We begin with the text of ORCP 71 B(1), which states, in part:

"On motion and upon such terms as are just, the court may relieve a party or such party's legal representative from a judgment for the following reasons: * * * (e) the judgment has been satisfied, released, or discharged, or a prior judgment upon which it is based has been reversed or otherwise vacated, or it is no longer equitable that the judgment should have prospective application."

(Emphasis added.) The text of the rule authorizes a court to grant relief from "a judgment" when that judgment was based on "a prior judgment" and that prior judgment has been reversed. There is no qualification that suggests that only particular kinds of judgments or prior judgments are subject to the rule. On its face, the rule would appear to apply to the facts of this case. There is "a judgment," that is, the judgment dismissing the second case. That judgment was based on "a prior judgment," that is, the judgment dismissing the first case. And that prior judgment was reversed. On that much all parties appear to agree.

Defendant's argument is that ORCP 54 D(2) "supersedes" ORCP 71 B(1)(e). We turn, then, to the text of that rule:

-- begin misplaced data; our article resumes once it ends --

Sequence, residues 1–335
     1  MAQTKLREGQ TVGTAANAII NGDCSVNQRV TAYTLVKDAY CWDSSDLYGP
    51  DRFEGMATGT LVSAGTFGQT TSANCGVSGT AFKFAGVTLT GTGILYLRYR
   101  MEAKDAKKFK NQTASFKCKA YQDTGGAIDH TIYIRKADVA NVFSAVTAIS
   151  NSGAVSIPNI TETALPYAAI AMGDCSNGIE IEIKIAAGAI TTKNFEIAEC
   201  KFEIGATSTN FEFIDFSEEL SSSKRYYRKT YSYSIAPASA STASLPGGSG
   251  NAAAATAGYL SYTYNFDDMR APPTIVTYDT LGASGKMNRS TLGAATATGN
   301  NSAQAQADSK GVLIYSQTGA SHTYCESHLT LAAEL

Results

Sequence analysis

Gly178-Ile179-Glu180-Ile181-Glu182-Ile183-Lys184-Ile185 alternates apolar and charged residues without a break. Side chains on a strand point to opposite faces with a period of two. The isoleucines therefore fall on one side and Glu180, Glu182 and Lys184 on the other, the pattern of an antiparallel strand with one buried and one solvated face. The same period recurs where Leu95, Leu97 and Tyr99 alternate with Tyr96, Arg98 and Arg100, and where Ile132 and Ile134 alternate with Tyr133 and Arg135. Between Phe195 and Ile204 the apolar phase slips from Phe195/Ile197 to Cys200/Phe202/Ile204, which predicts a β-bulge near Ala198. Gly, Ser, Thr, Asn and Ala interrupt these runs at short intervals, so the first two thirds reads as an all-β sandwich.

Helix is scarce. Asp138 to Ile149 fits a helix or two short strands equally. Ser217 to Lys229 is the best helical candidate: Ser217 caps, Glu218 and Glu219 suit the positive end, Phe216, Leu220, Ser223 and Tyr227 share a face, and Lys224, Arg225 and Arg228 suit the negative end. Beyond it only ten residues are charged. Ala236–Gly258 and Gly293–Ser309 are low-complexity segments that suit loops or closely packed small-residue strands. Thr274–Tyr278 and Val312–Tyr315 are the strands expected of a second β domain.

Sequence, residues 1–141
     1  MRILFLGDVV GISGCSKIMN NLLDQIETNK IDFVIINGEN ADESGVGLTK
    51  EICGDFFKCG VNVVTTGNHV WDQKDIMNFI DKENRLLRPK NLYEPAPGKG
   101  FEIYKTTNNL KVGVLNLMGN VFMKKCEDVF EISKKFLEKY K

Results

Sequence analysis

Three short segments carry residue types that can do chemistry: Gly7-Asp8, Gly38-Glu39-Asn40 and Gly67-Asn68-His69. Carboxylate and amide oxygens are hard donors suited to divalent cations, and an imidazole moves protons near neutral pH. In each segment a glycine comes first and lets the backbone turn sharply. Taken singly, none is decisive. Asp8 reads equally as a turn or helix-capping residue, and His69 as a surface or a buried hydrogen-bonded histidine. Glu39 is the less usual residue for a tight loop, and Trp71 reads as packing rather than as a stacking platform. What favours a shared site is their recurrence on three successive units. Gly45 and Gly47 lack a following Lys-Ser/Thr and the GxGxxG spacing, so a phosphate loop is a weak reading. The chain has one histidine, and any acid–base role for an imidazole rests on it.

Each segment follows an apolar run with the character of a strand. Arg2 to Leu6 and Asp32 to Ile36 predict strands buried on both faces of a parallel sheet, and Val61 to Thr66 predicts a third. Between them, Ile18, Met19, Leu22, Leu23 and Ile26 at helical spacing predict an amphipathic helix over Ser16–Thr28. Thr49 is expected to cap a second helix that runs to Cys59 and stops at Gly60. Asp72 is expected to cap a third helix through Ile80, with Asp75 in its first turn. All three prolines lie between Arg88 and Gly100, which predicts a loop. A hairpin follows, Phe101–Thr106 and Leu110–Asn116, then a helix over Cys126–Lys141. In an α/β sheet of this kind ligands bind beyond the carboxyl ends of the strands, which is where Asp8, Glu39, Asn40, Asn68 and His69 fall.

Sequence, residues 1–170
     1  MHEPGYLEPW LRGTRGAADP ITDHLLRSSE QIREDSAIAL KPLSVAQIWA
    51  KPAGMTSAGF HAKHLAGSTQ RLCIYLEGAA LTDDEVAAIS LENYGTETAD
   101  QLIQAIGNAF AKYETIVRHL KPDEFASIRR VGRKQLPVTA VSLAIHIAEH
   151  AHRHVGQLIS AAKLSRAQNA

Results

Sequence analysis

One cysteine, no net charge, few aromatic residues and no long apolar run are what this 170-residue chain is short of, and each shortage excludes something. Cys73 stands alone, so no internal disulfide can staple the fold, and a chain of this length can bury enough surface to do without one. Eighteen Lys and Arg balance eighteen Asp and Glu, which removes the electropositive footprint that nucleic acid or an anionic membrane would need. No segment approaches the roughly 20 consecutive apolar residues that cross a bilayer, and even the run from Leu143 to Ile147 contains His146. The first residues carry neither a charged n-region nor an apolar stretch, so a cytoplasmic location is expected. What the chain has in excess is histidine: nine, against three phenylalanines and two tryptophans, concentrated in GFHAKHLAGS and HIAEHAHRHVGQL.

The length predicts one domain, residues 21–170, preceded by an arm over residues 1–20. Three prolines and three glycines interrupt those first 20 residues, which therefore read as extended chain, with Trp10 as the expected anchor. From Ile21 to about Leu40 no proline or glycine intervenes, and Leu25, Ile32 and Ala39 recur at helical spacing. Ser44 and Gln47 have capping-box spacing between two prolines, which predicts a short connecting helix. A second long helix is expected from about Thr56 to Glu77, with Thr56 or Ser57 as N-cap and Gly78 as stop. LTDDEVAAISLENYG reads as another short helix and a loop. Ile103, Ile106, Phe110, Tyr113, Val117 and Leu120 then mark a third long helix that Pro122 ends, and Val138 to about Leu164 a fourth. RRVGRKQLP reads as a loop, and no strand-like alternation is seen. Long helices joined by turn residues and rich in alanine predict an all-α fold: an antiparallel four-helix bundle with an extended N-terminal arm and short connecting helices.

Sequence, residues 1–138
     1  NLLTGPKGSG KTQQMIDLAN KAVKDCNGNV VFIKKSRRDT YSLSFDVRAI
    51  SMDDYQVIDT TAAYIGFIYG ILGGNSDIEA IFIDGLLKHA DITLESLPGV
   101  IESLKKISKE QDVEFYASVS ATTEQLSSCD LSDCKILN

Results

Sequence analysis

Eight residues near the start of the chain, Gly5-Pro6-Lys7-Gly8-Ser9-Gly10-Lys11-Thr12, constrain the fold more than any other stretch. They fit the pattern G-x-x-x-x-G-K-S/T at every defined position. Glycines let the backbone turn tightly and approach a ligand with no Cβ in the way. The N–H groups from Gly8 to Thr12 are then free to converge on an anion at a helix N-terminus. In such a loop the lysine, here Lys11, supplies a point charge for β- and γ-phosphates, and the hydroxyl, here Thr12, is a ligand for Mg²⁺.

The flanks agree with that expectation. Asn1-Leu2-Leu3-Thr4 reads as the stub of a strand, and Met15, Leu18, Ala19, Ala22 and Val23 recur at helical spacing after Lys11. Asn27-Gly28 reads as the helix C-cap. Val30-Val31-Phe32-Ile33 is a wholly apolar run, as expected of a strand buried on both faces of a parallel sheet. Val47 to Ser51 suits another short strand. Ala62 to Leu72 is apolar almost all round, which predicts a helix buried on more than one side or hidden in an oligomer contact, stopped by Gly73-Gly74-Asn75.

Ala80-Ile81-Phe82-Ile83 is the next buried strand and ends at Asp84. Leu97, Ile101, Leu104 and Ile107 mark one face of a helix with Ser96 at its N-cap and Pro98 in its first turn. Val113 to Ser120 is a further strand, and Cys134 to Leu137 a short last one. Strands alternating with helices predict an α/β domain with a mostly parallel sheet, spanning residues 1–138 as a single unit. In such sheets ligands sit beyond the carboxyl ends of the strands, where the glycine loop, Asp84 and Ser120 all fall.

"If a party who previously asserted a claim, counterclaim, cross-claim or third party claim that was dismissed with prejudice subsequently makes the same claim, counterclaim, cross-claim or third party claim against the same party, the court shall enter a judgment dismissing the claim, counterclaim, cross-claim or third party claim and may enter a judgment requiring the payment of reasonable attorney fees incurred by the party in obtaining the dismissal."

We find no mention of ORCP 71 in the text of the foregoing rule or any suggestion that it impairs the authority of the courts to set aside, in appropriate cases, judgments entered under ORCP 54 D(2).

Defendant nevertheless insists that the "plain language" of ORCP 54 D(2) eliminates the authority of trial courts to later grant relief from the dismissal of a judgment under that rule. Defendant's argument in that regard is predicated on the use of the mandatory "shall" and the fact that the rule permits a court to award attorney fees following the dismissal of the duplicative claim. Defendant reasons that use of mandatory language and the imposition of a penalty for the duplicate filing "evidences a legislative intent to conserve judicial resources by not only discouraging parties from refiling dismissed claims, but also enabling a trial court to promptly get rid of cases in which a plaintiff has not heeded Rule 54 D(2)'s message." To fail to afford ORCP 54 D(2) such "heightened status," defendant argues, would mean that the rule accomplishes no more than what ordinary principles of preclusion would require. Defendant argues that the legislature cannot reasonably have intended that. Moreover, defendant argues, ORCP 54 D(2) prevails over ORCP 71 B(1)(e) because it is the more specific rule.